The cooking of Southern Africa is sometimes called ‘rainbow cuisine’, as the food in this region is a blend of many cultures – the indigenous African tribal societies, European and Asian. To understand indigenous cuisine, it is important first to digress to understand the various native peoples of southern Africa. The indigenous people of Southern Africa were roughly divided into two groups and several sub groups. The largest group consisted of the Bantu-speakers, whose descendants today may identify themselves by various sub-group names such as Zulu, Xhosa, Swazi, Sotho, Tswana, Pedi, Shangaan and Tsonga. They arrived in the region around two thousand years ago, bringing crop cultivation, animal husbandry, and iron tool making with them. Hence the Bantu-speakers grew grain crops extensively and raised cattle, sheep and goats. They also grew and continue to grow pumpkins, beans and leafy greens as vegetables.
A smaller group were the primeval residents of the region, the Khoisan, who some archaeologists believe, had lived in the region for at least ten thousand years. Many descendants of the Khoisan people have now been incorporated into the Coloured population of South Africa. The Khoisan originally were hunter gathers (who came to be known as “San” by the Bantu-speakers and as “bushmen” by Europeans). After the arrival of the Bantu-speakers, however, some Khoisan adopted the Bantu-speakers’ cattle raising, but did not grow crops. The Khoisan who raised cattle called themselves “Khoi-Khoi” and came to be known by Europeans as “Hottentots.”
People were, in other words, defined to some extent by the kinds of food they ate. The Bantu speakers ate dishes of grain, meat, milk and vegetables, as well as fermented grain and fermented milk products, while the Khoi-Khoi ate meat and milk, and the San hunted wild animals and gathered wild tubers and vegetables. In many ways, the daily food of Black South African families can be traced to the indigenous foods that their ancestors ate. The Khoisan ate roasted meat, and they also dried meat for later use. The influence of their diet is reflected in the universal (black and white) Southern African love of barbecue (generally called in South Africa by its Afrikaans name, a “braai”) and biltong (dried preserved meat). Traditional beer was ubiquitous in the southern African diet, and the fermentation added additional nutrients to the diet. It was a traditional obligation for any family to be able to offer a visitor copious amounts of beer. Beer brewing was done by women, and the status of a housewife in pre-colonial southern Africa depended significantly on her skill at brewing delicious beer. Milk was historically one of the most important components of the southern African diet. Cattle were considered a man’s most important possession, and in order to marry, a man had to compensate his prospective in-laws with a gift of cattle as a dowry for his bride. A married man was expected to provide a generous supply of milk to his wife and children, along with meat whenever he slaughtered cattle, sheep or goats. Because there was no refrigeration, most milk was soured into a kind of yoghurt. The young men of the family often took care of the cattle far away from the villages at “cattle posts,” and they sent a steady stream of yogurt home on behalf of their fathers. Today, many Black South Africans enjoy drinking sour milk products that are sold in the supermarket, and these products are comparable to American buttermilk, yogurt and sour cream. On weekends they, like white South Africans, will have a “braai” and the meal would usually consist of “pap and vleis”, which is maize porridge and grilled meat.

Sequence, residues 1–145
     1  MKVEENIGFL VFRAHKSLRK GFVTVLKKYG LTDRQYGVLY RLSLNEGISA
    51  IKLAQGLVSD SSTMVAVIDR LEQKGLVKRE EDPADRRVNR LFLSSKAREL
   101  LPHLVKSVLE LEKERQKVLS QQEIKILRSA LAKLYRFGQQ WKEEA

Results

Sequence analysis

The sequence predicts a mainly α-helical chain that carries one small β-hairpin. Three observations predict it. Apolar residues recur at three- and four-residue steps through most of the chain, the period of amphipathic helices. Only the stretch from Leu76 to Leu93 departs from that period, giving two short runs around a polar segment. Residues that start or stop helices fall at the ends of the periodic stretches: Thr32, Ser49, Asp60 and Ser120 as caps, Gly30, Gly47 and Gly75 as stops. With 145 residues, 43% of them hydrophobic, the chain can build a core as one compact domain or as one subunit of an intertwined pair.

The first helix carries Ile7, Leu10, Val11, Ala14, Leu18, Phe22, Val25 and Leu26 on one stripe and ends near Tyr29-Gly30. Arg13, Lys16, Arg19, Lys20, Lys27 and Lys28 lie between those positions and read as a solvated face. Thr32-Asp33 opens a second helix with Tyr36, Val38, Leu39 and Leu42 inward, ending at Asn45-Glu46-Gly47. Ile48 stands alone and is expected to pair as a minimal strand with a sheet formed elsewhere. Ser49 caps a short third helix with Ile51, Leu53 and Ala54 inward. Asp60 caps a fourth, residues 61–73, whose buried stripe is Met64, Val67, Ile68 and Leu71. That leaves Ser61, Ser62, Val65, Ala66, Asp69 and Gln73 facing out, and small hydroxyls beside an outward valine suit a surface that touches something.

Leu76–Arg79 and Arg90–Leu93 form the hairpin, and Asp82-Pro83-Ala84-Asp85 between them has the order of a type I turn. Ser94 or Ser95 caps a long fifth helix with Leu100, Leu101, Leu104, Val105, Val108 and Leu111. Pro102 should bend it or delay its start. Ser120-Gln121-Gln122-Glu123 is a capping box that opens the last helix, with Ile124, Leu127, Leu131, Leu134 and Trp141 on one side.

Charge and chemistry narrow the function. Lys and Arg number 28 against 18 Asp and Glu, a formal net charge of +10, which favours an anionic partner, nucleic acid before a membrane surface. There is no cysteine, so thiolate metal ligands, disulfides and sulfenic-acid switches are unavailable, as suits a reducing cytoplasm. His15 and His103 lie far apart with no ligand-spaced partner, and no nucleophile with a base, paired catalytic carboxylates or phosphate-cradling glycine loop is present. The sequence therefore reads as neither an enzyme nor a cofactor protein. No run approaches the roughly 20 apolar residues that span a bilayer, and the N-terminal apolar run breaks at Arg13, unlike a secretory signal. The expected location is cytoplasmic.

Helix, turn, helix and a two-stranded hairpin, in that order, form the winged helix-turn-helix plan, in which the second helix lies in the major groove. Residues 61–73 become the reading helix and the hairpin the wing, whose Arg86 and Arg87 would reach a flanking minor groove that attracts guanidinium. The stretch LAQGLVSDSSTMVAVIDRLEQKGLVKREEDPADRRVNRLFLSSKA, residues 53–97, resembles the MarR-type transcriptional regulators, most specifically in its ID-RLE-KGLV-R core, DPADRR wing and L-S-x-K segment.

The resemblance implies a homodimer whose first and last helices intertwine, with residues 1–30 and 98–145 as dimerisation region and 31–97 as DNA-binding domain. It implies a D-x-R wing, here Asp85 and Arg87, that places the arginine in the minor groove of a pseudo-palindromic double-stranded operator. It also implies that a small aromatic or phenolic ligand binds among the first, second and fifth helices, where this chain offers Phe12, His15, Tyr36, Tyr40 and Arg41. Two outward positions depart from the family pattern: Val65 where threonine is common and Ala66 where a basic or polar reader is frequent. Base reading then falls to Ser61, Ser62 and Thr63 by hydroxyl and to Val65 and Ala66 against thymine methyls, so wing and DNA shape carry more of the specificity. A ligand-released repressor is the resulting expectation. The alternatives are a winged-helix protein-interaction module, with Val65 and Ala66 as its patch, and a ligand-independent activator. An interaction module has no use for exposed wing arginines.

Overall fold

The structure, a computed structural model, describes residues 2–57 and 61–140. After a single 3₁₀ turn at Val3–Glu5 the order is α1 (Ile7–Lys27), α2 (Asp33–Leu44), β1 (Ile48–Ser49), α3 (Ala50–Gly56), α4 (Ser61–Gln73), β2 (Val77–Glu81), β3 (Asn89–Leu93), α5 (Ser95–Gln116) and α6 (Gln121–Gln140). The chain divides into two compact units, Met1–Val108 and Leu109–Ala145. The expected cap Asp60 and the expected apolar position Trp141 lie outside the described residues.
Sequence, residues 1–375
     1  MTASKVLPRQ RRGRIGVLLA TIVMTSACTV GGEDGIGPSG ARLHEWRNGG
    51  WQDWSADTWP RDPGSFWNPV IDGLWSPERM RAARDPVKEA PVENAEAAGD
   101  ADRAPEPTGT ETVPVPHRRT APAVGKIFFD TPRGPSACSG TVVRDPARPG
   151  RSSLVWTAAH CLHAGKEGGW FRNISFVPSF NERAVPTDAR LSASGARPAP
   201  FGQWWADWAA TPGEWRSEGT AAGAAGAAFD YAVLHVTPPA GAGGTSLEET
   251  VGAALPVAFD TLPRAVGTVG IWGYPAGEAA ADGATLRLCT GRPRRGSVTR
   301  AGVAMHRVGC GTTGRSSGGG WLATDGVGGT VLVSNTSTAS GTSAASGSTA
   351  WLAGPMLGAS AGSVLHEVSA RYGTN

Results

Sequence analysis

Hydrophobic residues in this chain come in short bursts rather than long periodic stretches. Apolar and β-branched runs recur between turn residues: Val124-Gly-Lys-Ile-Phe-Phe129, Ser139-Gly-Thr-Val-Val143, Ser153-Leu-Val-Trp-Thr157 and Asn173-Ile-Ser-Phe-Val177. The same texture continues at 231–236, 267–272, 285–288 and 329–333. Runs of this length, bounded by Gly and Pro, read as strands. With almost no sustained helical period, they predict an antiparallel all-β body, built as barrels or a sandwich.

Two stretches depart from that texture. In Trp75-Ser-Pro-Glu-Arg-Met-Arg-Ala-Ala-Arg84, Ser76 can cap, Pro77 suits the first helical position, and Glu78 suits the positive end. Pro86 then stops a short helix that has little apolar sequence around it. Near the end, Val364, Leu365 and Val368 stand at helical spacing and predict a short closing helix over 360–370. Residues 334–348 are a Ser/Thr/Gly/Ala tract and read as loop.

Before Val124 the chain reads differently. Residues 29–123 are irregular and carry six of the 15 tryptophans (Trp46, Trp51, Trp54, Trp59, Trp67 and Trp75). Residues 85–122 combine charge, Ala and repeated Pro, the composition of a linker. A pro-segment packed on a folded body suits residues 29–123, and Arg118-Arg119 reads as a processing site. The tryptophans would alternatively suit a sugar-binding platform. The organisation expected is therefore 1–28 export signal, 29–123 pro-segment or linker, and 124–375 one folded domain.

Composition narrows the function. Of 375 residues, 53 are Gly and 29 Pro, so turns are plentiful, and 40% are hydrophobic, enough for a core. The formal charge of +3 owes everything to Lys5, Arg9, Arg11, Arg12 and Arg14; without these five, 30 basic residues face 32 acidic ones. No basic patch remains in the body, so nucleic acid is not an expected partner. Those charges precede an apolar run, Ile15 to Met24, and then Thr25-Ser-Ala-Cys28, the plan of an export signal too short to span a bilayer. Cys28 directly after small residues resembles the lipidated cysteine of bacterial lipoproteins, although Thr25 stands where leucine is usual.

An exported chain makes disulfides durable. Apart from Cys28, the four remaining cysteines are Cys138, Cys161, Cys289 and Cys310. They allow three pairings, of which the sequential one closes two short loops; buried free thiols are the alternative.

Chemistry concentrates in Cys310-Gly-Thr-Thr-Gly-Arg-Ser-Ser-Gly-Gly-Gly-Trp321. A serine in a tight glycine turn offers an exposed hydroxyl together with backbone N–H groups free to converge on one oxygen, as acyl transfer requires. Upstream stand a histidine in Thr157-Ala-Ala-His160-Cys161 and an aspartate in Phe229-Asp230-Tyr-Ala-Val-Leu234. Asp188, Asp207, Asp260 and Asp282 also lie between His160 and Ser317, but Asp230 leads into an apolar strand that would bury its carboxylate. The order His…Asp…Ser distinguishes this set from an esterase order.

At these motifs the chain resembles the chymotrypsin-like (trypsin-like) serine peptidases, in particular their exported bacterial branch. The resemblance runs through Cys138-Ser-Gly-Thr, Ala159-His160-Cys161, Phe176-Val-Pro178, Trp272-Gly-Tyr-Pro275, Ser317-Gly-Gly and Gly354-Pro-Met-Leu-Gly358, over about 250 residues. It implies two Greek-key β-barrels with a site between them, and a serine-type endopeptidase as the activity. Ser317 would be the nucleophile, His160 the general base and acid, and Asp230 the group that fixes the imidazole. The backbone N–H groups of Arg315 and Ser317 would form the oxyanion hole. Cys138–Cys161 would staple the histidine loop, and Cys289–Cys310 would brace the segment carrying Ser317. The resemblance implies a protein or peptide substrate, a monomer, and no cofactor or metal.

The basic ingredients include seafood, meat products (including wild game), poultry, as well as grains, fresh fruits and vegetables. Fruits include apples, grapes, mangoes, bananas and papayas, avocado, oranges, peaches and apricots. Desserts may simply be fruit, but there are some more western style puddings, such as the Angolan cocada amarela, which was inspired by Portuguese cuisine. Meat products include lamb, and game like venison, ostrich, and impala. The seafood includes a wide variety such as crayfish, prawns, tuna, mussels, oysters, calamari, mackerel, and lobster. There are also several types of traditional and modern alcoholic beverages including many European-style beers.
Southern African cuisines by country
For more specific styles, refer to the articles on each national or regional cuisines:
|Botswanan cuisine||Malawian cuisine||Mozambique cuisine|
|Namibian cuisine||South African cuisine||Zambian cuisine|